Recently, the media (see here) has been up in arms about the fact that Apple and Google are intensifying privacy concerns by tracking where and when people use their mobile phones. However, while this concern is real and genuine (and I encourage everyone to at least follow this easy step to secure their information on their iPhone) we need to heed the words of Dr. Pentland, director of MIT’s Human Dynamics Laboratory, who helped pioneer research in this field. Pentland hit the nail on the head when he noted that, “people can get this god’s-eye view of human behavior.”
Here is the director of MIT’s Human Dynamics Laboratory admitting that this allows us to appreciate an insight into Hashem’s view of human behavior. As a child we are all told that Hashem is watching over us at all times and knows our very movements, thoughts, and actions (also see my earlier blog post on this topic Google and God). In contemporary times, I believe that Hashem is using technology to show us his greatness. For instance, through the invention of the telephone we witnessed that it is possible for one to talk to another person across continents; and from the smartphone we now see that it’s possible to know the thoughts, health and location of millions of individuals.
And so, we must realize that if companies are accessing this information, the Almighty sure can!!
Our task is to use this technologically advanced world that we live in as an impetus not for spiritual decline—but growth.
The next time we are yapping on our smartphone and are about to speak about or watch something unbecoming for a Jew, we should remember that it’s not just Fortune 500 companies who will forever have this information on us—but the ultimate Creator as well!
For more on this topic, I encourage all to listen to Rav Mordechai Willig’s shuir titled, Privacy and Shared Information: The Torah Perspective.
Throughout the world, young and old alike enjoy the festive bonfires of Lag B’Omer and the delicious cheesecake of Shavuot. That said, we need to perform the act of Sefiras HaOmer, counting the Omer (all the way from the holiday of Passover to Shavuot), to reach these dates. And yet, understanding the mechanics and spiritual significance of this 49 day period is an ominous task.
Enter the new iPhone App called Sefiros!
This App is based on the bestselling book Sefiros, from the acclaimed author and community leader Rabbi Yaacov Haber. As an aside, I was privileged to briefly meet Rabbi Haber in person at last year’s Kishor Social Media Conference where we both lectured. From his remarks it was clear to all, that he is both a revered scholar—as well as someone who is keenly aware of and in use of the technological tools that we are afforded in 2011. Hence, it is only fitting that he created an App that does more than simply helps one count the Omer. In fact, Sefiros seems to continue where the book left of in that it provides daily Kabbalistic insights as well as alerts that allow the user to discover and implement the unique spirituality found in each day of the Omer!
I’ve tested this App the past couple of days and found that from design to content the Sefiros App really shines!
Unfortunately, there are some Apps out there in which the user experience is outright sloppy. I’m pleased to report that the Sefiros App is beautifully designed and is easy to use. Plus, it features a useful reminder to count the Omer complete with the text of the proper blessing. It even automatically adjusts to your timezone and location. This function is useful for anyone who may find themselves traveling on business or the like but still doesn’t want to get confused with what day of the Omer to count. What’s more, in line with today’s web 2.0 world that we live in, the App will allow one to share on Facebook and Twitter!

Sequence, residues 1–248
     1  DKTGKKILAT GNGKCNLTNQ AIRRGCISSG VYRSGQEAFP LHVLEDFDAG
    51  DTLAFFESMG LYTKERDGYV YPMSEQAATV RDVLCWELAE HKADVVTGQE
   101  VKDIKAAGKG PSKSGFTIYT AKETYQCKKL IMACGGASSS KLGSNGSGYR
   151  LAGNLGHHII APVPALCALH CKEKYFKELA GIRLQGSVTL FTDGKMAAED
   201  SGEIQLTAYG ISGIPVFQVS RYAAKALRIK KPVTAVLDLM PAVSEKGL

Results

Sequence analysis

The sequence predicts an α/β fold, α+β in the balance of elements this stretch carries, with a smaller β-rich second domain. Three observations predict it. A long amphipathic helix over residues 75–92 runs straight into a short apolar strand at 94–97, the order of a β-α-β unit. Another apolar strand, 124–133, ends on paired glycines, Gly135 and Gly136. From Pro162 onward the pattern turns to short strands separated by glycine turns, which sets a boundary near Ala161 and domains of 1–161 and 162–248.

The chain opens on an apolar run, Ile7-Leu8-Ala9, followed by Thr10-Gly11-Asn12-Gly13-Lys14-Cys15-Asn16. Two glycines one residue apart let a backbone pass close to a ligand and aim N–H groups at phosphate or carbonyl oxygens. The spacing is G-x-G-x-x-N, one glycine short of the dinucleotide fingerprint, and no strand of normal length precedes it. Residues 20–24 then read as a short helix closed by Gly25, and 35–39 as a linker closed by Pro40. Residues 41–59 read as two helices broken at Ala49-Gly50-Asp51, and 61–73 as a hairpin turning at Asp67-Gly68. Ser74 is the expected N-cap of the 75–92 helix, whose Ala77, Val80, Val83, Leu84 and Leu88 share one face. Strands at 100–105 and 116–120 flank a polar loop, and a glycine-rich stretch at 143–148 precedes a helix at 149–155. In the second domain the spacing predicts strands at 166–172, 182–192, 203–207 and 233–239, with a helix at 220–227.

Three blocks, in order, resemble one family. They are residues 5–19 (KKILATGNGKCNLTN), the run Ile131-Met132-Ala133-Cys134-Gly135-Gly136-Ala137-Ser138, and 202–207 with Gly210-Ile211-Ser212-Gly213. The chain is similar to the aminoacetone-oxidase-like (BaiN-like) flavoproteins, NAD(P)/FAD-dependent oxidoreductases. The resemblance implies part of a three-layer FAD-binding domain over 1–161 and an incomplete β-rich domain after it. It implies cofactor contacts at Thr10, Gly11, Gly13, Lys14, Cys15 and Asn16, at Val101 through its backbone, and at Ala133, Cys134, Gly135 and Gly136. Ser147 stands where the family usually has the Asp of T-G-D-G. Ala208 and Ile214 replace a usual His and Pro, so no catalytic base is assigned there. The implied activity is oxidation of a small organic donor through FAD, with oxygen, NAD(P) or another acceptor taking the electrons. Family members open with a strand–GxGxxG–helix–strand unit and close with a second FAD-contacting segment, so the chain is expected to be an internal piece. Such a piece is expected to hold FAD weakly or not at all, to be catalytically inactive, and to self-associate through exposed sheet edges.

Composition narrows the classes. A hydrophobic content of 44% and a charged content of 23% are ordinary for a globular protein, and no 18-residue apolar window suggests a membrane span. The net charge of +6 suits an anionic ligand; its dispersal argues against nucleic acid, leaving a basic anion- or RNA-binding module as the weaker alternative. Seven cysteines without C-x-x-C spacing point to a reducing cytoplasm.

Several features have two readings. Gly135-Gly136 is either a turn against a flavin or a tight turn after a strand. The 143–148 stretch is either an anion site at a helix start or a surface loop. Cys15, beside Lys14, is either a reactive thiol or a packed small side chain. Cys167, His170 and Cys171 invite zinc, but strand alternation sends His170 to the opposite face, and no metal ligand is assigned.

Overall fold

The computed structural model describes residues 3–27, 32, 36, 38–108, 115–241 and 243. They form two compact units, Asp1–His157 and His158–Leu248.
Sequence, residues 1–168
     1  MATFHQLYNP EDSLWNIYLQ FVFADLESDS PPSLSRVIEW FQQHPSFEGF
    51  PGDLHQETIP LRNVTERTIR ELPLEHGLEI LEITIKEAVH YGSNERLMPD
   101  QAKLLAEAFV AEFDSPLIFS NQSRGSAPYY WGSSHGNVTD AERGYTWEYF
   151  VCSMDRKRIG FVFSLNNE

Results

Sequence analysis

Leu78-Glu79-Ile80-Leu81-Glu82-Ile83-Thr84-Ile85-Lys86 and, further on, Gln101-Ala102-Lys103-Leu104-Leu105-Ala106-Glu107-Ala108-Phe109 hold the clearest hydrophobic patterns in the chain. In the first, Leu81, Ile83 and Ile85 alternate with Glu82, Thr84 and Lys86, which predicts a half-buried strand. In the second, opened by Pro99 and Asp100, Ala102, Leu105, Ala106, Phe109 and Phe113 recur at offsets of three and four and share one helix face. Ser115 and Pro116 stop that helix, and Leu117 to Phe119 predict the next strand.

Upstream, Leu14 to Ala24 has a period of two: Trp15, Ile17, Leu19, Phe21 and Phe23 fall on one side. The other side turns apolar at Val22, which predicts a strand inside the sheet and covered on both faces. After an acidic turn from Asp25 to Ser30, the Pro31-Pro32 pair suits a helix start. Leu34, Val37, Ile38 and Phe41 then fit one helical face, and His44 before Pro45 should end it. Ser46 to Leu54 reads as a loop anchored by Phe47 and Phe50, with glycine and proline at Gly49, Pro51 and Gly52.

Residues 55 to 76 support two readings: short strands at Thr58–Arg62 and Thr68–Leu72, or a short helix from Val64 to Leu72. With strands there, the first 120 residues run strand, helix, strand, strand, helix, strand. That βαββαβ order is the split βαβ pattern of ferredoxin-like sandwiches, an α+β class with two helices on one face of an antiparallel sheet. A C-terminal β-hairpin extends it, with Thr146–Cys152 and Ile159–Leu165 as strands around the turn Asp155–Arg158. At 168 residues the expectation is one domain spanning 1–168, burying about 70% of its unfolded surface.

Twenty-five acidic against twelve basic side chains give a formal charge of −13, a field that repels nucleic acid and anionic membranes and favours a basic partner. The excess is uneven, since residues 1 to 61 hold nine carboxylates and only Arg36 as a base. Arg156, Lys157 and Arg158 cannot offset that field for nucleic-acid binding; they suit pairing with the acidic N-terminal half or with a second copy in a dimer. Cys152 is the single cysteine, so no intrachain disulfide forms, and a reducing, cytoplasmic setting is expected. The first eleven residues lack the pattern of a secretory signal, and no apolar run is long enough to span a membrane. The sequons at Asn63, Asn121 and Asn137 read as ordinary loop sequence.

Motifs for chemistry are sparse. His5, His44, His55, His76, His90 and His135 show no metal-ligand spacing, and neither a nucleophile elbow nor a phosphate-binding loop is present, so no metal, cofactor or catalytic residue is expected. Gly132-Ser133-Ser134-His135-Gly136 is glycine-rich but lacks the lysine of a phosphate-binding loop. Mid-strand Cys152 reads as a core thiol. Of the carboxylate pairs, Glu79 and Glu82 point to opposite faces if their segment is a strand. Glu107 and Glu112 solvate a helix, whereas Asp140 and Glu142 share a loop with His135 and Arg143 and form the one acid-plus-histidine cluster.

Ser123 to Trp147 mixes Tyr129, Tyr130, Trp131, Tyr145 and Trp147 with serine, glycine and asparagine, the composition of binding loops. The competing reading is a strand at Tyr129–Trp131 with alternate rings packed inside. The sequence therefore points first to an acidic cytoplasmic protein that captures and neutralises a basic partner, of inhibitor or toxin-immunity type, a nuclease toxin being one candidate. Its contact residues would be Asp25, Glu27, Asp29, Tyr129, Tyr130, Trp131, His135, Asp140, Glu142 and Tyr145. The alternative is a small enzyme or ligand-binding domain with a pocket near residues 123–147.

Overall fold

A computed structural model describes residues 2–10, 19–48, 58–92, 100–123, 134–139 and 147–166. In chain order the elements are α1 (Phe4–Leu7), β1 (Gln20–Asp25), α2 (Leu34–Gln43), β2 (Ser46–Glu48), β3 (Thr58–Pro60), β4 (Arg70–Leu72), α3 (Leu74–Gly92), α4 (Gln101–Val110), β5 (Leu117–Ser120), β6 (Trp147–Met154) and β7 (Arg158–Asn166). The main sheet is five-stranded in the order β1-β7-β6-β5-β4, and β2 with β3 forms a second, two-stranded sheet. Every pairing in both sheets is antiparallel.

Best of all, the Grow version of this App, allows one to truly actualize this special time period. One can set various alerts that will remind a person to perform or be conscious of actions with G-d, their spouse or even to work on a character trait. In so doing, despite the busy world that we live in, one can have an App to help them not only with their physical health (such as LoseIt) but with their spiritual wellbeing as well!
If you are looking for some meaning after Passover or simply want to finally understand the Omer, I recommend you download the Sefiros App.
The word technology is not often found in the same sentence as Meah Shearim. In fact, this famous Jerusalem neighborhood and its environs, are commonly painted as abhoring anything to do with computer systems, the internet, or any other vestige of technology that you or I may take as a given! That said, I recently needed a place to daven Mincha and chanced upon the legendary Zichron Yehudah Shtiebel. This Shtiebel is located in a neighborhood that was originally referred to as Meah Shearim HaChadash, but is commonly known today as Beis Yisrael. For more on this area and its expansion I encourage you to read this post by Varda Littman here.
In any event, I noticed that there was not the usual chaos that one typically experiences at a Shtiebel. I didn’t need to scurry from room to room trying to ascertain when the next Mincha was going to begin. Instead, this Shtiebel had unique technology in place that allowed for an automated system that would simply announce the beginning of a Minyan, followed by the room number. However, in this case, it wasn’t a room number. Rather, it was one of the letters of the Hebrew Alphabet! As you can see from the picture to your right, the Hebrew Alphabet letters were lit up in bright neon colors and allowed for a calming presence to be felt throughout the building.
It was then that I realized that this use of technology is in line with how this neighborhood views technology. Simply put: if it helps one get closer to Hashem, I’ll use it! If not, keep it far…far away!